Bosnian City Holds First Elections in 12 Years

  • Arman Fazlic

On December 20, Bosnia and Herzegovina’s (BiH) ethnically divided city of Mostar will hold its first local elections in over a decade. A requirement for the initiation of European Union (EU) accession negotiations, elections in Mostar are key to the country’s democratic development and European alignment.

Mostar, now a tourist destination with more than 100,000 citizens, was among the cities most devastated by the 1992 Bosnian War. In the interethnic conflict’s early days, Bosnian Croats and Bosniaks were allied against ethnic Serb forces; however, as the political situation shifted, Croats and Bosniaks eventually faced off over Mostar and other areas. The fighting in the city ultimately resulted in thousands either dead or displaced and the destruction of several religious and cultural monuments.

Despite the city’s growth since the 1990s, Mostar still reflects the political antagonisms that existed during the war and fueled years of division. As such, Mostar remains ethnically divided, with mostly Catholic Bosnian Croats residing in the west and Muslim Bosniaks in the east.

As a result of these divisions, Mostar has become the only European city that has failed to hold municipal elections in more than a decade, due to its inability to unite around the implementation of reforms that ensure balanced power-sharing in the city. In 2010, BiH’s Constitutional Court ruled that Mostar’s power-sharing structure was unconstitutional and unbalanced, given that it allocated the same number of city councilors to each municipality despite their varying population sizes. Before conducting elections to choose a new mayor and councilors, the city needed to negotiate and implement reforms that address the constitutional court’s ruling, but its inability to reach a political consensus has made this impossible.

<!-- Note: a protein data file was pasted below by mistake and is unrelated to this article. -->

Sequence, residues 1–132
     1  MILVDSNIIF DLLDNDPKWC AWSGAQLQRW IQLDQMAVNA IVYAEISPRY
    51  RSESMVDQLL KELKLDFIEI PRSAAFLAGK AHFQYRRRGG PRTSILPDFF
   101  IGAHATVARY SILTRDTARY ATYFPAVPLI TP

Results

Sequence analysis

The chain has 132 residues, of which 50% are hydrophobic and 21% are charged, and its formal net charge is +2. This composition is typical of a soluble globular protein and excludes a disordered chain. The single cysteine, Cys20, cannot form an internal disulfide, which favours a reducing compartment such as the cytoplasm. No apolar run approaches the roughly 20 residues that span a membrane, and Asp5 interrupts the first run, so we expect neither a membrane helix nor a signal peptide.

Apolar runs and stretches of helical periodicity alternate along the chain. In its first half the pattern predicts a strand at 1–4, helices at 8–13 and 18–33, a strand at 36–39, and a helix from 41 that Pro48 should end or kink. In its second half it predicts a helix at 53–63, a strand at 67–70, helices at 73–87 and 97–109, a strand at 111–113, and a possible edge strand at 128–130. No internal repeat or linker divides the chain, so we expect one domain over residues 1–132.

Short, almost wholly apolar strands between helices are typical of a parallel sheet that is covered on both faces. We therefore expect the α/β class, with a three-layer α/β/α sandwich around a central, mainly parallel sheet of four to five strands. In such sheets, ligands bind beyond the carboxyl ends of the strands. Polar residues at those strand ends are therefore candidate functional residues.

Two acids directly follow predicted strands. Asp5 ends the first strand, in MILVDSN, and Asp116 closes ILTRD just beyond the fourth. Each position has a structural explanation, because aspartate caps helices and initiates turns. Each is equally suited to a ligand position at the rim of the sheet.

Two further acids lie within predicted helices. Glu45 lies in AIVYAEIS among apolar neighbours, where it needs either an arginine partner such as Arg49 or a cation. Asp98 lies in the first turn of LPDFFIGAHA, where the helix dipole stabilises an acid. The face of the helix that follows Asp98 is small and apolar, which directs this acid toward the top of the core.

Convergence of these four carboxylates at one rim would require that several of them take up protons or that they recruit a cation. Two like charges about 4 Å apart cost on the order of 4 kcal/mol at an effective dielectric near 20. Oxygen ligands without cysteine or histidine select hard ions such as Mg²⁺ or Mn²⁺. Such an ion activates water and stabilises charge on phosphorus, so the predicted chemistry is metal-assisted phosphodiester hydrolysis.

In response, a Mostar citizen and politician brought an appeal to the European Court of Human Rights (ECHR) in 2018 that claimed the city’s failure to hold elections fundamentally violated its constituents’ political rights. As a result, the ECHR condemned BiH for ignoring the constitutional court’s power-sharing ruling, which would have subsequently enabled municipal elections in Mostar. Ultimately, the ECHR gave authorities six months to amend the legislation for elections to take place, leading to the decision to hold these historic elections in December 2020.

In recent years, Mostar has become a major point of contention among Bosniak and Croat leaders, affecting not only BiH’s democratic development, but its European aspirations as well. In fact, the country’s EU integration hinges on its ability to organize democratic elections this year – one of the 14 key accomplishments needed to open BiH’s EU accession negotiations as listed by the European Commission. The groundbreaking nature of the Mostar case has attracted the attention of a variety of international observers, including IRI’s Beacon Project. With the goal of analyzing divisive rhetoric and identity politics, the Beacon Project plans to monitor political speeches throughout the campaign. IRI also plans to continue to provide support to political party members from the greater Mostar area through cross-party coalition building activities and its Advanced Leadership in Politics Institute.

After 12 years without local elections, election day in Mostar will certainly be a cause for celebration for the its citizens, as their voices will finally be heard at the local level. This momentous day is not just a milestone for Mostar, though, but a major step in BiH’s democratic development and alignment with European institutions – a bright spot to conclude 2020.

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